The United Nations has defined six grave violations that occur in war that impact children: killing or maiming of children, recruitment or use of children as soldiers, sexual violence against children, attacks against schools or hospitals, denial of humanitarian access for children, and abduction of children. These violations have a myriad of negative impacts on children, including biological, psychological, and social effects. Culturally appropriate support and care provided at the micro, mezzo, and macro levels can help alleviate these impacts and help children recover from these experiences.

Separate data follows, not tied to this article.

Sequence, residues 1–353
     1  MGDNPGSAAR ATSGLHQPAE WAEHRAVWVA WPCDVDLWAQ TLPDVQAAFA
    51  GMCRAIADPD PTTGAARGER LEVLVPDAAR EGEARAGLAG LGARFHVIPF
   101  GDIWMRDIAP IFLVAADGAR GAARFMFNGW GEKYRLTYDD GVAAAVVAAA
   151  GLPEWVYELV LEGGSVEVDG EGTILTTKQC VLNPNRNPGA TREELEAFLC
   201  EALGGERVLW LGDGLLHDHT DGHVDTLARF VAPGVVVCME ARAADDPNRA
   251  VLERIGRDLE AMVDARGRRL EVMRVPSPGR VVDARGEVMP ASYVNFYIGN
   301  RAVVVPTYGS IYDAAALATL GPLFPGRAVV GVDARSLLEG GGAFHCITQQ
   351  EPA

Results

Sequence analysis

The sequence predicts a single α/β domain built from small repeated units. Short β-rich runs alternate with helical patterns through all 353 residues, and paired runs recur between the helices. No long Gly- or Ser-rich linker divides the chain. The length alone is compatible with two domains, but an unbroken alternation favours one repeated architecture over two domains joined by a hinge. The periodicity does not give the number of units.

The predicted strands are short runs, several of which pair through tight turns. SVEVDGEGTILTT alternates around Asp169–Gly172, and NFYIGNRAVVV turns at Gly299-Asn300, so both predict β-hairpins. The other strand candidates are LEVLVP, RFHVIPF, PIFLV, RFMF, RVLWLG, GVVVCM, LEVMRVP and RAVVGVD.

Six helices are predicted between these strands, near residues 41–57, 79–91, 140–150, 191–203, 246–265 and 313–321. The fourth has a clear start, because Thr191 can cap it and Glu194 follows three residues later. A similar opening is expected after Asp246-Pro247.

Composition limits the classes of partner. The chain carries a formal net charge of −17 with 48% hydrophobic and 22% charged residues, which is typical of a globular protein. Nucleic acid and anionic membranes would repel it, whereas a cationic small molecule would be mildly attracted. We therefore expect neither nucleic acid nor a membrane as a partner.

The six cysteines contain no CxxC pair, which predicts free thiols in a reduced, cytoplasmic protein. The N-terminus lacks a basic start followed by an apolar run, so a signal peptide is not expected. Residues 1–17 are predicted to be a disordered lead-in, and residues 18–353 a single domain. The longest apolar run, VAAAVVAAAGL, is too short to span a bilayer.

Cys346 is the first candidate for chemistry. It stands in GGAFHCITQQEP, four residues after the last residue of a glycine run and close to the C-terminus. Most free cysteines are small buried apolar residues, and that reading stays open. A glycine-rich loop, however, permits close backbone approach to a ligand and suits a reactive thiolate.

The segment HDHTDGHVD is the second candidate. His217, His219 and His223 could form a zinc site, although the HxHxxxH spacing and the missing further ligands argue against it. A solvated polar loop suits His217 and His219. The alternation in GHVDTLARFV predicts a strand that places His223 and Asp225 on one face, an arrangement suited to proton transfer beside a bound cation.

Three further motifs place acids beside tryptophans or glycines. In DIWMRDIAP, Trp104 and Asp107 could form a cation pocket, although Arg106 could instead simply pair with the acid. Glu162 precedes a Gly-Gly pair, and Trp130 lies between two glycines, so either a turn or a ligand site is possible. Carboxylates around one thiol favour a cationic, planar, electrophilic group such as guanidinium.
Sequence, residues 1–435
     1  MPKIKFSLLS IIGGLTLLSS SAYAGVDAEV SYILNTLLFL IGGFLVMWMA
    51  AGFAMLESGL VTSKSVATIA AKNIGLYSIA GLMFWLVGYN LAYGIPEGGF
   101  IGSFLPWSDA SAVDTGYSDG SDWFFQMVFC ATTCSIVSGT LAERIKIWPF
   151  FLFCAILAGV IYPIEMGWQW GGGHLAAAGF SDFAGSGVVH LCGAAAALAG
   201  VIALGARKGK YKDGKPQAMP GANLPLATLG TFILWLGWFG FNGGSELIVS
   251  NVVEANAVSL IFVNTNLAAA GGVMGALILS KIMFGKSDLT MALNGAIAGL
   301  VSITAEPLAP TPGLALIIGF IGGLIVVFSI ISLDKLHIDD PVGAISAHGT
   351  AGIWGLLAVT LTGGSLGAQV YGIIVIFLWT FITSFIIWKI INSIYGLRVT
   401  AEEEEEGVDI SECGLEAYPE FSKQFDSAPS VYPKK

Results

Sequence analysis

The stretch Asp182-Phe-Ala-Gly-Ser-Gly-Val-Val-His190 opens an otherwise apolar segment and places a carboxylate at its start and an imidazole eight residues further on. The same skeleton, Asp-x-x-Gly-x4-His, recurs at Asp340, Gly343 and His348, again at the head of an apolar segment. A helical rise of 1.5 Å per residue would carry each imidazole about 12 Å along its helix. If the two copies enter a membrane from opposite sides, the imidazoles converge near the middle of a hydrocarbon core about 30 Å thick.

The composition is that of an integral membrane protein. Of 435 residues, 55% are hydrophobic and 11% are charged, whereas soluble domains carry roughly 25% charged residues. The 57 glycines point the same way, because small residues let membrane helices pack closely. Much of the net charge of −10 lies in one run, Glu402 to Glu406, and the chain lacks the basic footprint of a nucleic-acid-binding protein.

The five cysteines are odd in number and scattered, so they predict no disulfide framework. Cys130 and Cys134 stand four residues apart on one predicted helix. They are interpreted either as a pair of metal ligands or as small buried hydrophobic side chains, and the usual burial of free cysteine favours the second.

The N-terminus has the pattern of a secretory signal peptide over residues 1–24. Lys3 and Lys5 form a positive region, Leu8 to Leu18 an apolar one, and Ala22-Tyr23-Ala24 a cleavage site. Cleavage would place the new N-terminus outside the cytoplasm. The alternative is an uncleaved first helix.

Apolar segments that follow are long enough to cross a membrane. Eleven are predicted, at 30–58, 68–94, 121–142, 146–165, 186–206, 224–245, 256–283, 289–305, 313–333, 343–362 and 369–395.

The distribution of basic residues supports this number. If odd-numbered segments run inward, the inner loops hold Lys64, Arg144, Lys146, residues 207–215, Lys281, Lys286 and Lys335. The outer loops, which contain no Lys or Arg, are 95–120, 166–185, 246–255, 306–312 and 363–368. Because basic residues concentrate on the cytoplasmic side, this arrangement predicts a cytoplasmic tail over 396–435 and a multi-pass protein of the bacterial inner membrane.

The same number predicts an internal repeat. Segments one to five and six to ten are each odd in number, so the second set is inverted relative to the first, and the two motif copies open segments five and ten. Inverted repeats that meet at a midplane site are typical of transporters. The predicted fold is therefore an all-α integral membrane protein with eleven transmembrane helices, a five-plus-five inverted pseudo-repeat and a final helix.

William Elliot III and Melinda Lewis
Children’s Development Accounts (CDAs) are a policy vehicle for allocating intellectual and financial resources to low- and moderate-income children. Unlike basic savings accounts, CDAs leverage investments by individuals, families, and, sometimes, third parties. By giving families savings incentives and building universal and progressive vehicles for saving, CDAs may improve the financial health of low-income families and the educational outcomes of their children, reducing or even eliminating asset advantages currently enjoyed by wealthier families.
Shirley Gatenio Gabel